A new Ofcom study has revealed where teenagers are getting their news and, perhaps unsurprisingly, it’s bad news for the likes of BBC, ITV and Sky.
The study showed Instagram (29%), TikTok (28%) and YouTube (28%) topped the pile among teens. Unsurprising? Perhaps. Depressing? Definitely.
The research found that only a quarter of teens are accessing the information via BBC One and BBC 2 (24%), as well as ITV and its various affiliates (25%), and Sky News (19%).
Somewhat surprisingly, Twitter is down at 13% as a news consumption source for teenagers, below WhatsApp (17%), Snapchat (19%) and Facebook (22%).
It’s rough news for the BBC in particular, as the figure was 45% of teens were watching via the terrestrial channels as little as five years ago.
Indeed the popularity of TikTok as a news source now puts it on par with Sky News’ app and website with around 3.9 million adults in the UK using the service to get their news. Half of those users are aged between 16 and 24 too.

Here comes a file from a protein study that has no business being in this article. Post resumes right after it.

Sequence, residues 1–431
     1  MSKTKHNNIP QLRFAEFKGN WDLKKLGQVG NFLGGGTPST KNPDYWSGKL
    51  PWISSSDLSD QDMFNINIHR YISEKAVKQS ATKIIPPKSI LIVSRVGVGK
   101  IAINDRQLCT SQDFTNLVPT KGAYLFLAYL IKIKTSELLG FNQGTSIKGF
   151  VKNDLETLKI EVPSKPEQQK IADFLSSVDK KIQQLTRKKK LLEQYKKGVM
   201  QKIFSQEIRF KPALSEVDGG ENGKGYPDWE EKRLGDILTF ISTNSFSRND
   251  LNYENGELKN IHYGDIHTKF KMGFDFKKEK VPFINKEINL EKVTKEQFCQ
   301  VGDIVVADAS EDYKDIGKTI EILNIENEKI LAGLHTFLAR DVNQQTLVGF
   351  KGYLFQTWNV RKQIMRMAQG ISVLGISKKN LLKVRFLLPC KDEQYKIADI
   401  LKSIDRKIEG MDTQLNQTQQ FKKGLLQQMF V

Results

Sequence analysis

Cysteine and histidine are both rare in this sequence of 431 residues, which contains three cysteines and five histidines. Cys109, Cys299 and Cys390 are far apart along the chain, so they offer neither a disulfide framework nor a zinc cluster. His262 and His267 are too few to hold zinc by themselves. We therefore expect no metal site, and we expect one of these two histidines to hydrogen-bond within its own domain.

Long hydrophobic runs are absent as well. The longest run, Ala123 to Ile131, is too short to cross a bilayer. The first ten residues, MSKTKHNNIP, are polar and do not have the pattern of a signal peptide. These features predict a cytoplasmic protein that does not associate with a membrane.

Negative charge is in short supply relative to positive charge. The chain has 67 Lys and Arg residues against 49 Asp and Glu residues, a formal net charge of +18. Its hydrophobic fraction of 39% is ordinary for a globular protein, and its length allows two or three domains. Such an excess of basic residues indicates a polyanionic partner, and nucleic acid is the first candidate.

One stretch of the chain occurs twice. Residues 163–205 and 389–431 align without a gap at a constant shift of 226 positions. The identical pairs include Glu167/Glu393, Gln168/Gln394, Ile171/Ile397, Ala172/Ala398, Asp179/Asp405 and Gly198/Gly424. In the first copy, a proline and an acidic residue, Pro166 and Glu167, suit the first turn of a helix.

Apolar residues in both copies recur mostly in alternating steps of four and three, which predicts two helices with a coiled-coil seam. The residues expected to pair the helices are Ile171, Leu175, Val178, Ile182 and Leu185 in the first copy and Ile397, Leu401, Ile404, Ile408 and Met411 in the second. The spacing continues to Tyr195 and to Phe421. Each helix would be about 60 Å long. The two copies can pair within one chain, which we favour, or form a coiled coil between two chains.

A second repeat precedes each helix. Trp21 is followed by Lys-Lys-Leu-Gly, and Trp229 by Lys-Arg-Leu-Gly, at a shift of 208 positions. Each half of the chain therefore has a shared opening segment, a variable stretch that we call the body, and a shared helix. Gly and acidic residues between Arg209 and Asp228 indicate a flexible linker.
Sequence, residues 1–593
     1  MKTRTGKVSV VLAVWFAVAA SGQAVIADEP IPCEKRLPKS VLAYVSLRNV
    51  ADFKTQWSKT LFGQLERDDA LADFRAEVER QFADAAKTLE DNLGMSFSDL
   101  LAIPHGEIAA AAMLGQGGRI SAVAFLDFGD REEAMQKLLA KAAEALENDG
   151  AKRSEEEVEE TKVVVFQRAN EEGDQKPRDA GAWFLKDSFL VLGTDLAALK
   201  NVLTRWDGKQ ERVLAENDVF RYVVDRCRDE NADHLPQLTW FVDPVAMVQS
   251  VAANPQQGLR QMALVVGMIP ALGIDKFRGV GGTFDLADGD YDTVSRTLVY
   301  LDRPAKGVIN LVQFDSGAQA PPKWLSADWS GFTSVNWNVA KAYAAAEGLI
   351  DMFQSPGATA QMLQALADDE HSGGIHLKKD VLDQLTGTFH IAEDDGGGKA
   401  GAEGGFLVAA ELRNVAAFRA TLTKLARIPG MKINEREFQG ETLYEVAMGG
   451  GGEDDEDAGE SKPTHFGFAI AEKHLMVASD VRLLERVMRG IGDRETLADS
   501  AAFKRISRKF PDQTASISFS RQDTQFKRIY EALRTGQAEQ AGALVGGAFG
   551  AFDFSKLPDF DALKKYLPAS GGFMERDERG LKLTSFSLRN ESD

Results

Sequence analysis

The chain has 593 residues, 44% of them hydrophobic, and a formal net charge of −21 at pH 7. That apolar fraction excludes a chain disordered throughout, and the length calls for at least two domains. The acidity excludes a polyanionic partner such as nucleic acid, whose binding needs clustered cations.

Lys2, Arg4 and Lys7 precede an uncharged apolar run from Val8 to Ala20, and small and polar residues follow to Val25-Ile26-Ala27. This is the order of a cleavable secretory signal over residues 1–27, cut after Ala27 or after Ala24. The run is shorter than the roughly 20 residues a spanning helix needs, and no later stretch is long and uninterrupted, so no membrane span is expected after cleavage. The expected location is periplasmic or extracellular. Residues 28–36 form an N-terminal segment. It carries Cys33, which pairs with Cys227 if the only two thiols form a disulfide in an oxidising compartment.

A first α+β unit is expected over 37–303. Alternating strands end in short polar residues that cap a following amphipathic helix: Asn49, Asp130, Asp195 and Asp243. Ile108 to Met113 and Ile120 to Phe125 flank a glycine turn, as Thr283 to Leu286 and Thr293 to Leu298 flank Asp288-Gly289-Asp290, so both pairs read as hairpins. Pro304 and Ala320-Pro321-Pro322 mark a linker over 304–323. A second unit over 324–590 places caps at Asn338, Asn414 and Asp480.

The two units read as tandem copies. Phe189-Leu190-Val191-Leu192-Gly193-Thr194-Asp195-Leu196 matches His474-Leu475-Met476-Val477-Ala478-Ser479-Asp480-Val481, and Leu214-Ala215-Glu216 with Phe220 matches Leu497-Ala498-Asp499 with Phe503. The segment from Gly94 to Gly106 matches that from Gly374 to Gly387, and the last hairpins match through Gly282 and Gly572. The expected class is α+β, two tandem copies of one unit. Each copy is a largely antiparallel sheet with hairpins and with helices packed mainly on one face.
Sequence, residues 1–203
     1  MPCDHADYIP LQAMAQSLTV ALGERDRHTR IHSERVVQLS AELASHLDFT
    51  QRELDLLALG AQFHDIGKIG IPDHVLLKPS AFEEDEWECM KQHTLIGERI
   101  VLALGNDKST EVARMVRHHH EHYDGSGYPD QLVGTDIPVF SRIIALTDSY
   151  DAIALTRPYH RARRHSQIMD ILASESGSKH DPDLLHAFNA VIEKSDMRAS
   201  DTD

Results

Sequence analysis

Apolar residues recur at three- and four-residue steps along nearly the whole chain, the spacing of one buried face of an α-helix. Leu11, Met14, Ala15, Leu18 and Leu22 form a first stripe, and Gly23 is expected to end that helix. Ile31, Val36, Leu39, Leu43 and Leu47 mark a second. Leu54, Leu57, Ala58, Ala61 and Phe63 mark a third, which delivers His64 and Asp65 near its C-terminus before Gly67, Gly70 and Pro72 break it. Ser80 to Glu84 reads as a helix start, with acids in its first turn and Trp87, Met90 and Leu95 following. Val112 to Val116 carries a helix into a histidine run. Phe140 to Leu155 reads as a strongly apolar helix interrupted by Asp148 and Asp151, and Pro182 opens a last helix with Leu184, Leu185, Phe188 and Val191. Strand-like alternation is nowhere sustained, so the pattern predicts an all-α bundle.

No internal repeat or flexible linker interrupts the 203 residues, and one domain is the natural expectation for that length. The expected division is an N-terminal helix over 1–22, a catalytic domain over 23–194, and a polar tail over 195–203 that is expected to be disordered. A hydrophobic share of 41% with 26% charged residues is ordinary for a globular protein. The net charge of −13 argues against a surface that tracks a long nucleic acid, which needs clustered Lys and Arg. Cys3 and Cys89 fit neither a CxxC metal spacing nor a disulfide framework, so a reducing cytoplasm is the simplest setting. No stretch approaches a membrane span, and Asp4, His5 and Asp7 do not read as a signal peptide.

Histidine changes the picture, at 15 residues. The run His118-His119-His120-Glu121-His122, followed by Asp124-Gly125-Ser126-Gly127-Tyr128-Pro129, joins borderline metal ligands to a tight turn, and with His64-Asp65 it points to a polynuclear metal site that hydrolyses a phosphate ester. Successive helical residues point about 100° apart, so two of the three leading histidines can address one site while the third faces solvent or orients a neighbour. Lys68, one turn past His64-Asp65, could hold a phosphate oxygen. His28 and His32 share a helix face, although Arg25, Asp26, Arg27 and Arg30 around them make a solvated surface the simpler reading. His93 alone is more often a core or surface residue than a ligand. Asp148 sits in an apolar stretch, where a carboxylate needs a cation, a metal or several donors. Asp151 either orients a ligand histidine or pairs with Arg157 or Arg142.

Perhaps more concerning is how those TikTok users are consuming news via the platform. 24% are getting it through recognised news organisations, while 44% receive it via ‘other people they follow’. Given the level of misinformation published via those apps, the veracity of that news has to be called into question.
“Teenagers today are increasingly unlikely to pick up a newspaper or tune into TV News, instead preferring to keep up-to-date by scrolling through their social feeds,” said Yih-Choung Teh, Ofcom’s Group Director for Strategy and Research
“And while youngsters find news on social media to be less reliable, they rate these services more highly for serving up a range of opinions on the day’s topical stories.”